The event had all the trappings of an August Doin's rodeo.
It was held in the Payson Event Center, stock contractor Honeycutt Rodeo was present as a promoter and the stands were rocking with raucous fans.
But on Sunday, there were no horses, calves or rough stock in the arena.
Rather, PEC was crowded with 1970s and 80s full-sized American cars outfitted to fit demolition derby rules.
For more than two hours, adrenaline-crazed drivers crashed their cars into one another, trying to disable all foes.
For the fans and drivers, it was metal-crunching, bone-jarring, crashing, smashing action at its best.
When the dust had settled in the Second Annual Payson Demolition Derby, Mickey Reetz was crowned the event champion. Steven Quills garnered second place.
At last year's inaugural demolition derby, Quills was first and Reetz second.
"They just swapped places, Town of Payson Parks Manager Nelson Beck said.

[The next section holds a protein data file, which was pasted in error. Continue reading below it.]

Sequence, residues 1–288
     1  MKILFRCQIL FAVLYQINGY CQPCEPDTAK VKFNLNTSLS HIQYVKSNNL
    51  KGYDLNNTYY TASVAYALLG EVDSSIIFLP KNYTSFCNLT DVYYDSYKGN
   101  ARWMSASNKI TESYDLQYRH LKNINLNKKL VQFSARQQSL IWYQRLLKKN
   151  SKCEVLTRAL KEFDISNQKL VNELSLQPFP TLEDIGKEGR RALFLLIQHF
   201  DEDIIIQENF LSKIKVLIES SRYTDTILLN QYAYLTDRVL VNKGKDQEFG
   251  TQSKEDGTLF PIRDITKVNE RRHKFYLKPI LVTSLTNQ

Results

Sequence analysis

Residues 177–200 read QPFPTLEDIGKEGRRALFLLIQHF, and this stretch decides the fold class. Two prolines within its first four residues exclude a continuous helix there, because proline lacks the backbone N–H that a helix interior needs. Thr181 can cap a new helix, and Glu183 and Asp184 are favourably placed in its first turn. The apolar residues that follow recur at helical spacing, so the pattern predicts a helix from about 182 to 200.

Beck and Jerry Honeycutt, of Honeycutt Rodeo, co-sponsored the event.
Jim Atwater, who was also third in 2006, won the battle for the bronze medal prize money.
Beck called the event an overwhelming success and a fitting cap to the Northern Gila County Fair, which began three days earlier.
Although final attendance figures have not been tabulated, the event attracted an estimated 2,000-plus fans.
Prior to the 1:30 p.m. start, a long line of fans stood waiting to purchase admission tickets.
Brett Carnes, who managed to maneuver his car into the finals, turned in the one of the best efforts by a Payson driver.
A half-ton pickup truck prepared by Dan and Rob Shover at Coyote Auto, also did well and was invited to participate in the automobile division.
Following the event, Beck and Honeycutt thanked Chapman, Chevrolet and Arizona Public Service for their assistance in putting on one of the most unusual sporting events ever seen in Payson.
Beck anticipates the demolition derbies will continue to be much-anticipated events at the Northern Gila County Fair.